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Subordinating Conjunctions (Time)
- 24 June 2023
- Posted by: admin-rashtielts
- Category: Grammar
What is a subordinating conjunction?
A subordinating conjunction is a word or phrase that links a dependent clause to an independent clause. This word or phrase indicates that a clause has informative value to add to the sentence’s main idea, signalling a cause-and-effect relationship or a shift in time and place between the two clauses.
When, after, before, until, since, while, once, as and as soon as are subordinating conjunctions which can be used to connect an action or an event to a point in time.
- She was in a bad car accident when she was young.
- We can’t play loud music after everyone has gone to bed.
- Brush your teeth before you go to bed!
- I’ll wait with you until the bus comes.
- I’ve been very busy since I started my new job.
- No one left the cinema while the movie was on.
- I’ll call you once I arrive.
- We always have an ice cream as soon as we get to the beach.
- I bumped into her as I came out of the bank.
- Many of these time conjunctions can be followed by -ingor -ed forms instead of subject + verb.
We don’t use will after conjunctions referring to future time:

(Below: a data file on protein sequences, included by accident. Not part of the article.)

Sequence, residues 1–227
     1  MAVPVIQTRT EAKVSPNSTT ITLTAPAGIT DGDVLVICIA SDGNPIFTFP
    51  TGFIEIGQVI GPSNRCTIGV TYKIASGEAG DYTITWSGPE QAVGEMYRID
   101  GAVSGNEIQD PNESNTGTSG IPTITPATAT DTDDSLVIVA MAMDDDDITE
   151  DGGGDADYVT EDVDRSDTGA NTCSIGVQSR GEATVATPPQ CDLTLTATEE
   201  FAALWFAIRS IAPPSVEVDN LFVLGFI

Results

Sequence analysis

- Whenpeople walk into the room, they will feel something special.
Not: When people will walk into the room…
- I will call you as soon asI get to the office.
Not: … as soon as I will get to the office.
1. When, once, as soon as
We can use when, once, as and as soon as to talk about a specific point in time when something happened or will happen:
- When we were in Greece, we went to as many islands as possible.
- They always close their curtains once they get home in the evening.
- As soon as we hear any news, we’ll call you.
2. Before, after and until
We use before and after to talk about the order of events in the past or future. With before and after, either the main clause or the subordinate clause can come first:
- She’ll pick you up before she comes here.
- After she comes here, she’ll pick you up.
Until as a time conjunction means up to a time in the past or future. In the case of until, the main clause usually comes first:
- I’m going to wait until the January sales start to buy a new jacket.
- Until he mentioned his name was Doug, I thought he was called Damien! (less common order)
- We spell until with one l. (Not: untill)
We use while to show that actions or events happen at the same time in the past, present or future:
- Can you wait in the car while I run into the shop?
- They were talking while the teacher was explaining the activity.
Comma placement and subordinating conjunctions
Subordinating conjunctions that fall in the middle of a sentence are generally not preceded by a comma. This is the opposite of what is done with coordinating conjunctions, or words that join two independent clauses (for, and, nor, but, or, yet, and sometimes so).
When a subordinate clause begins a sentence, however, the whole clause (but not the subordinating conjunction itself) is followed by a comma:
incorrect Whenever, Batman was away, Robin drove the Batmobile.
correct Whenever Batman was away, Robin drove the Batmobile.
incorrect Robin drove the Batmobile, whenever Batman was away.
correct Robin drove the Batmobile whenever Batman was away.
Selected and Edited by: Pouya Sharifi
Javidan Language Centre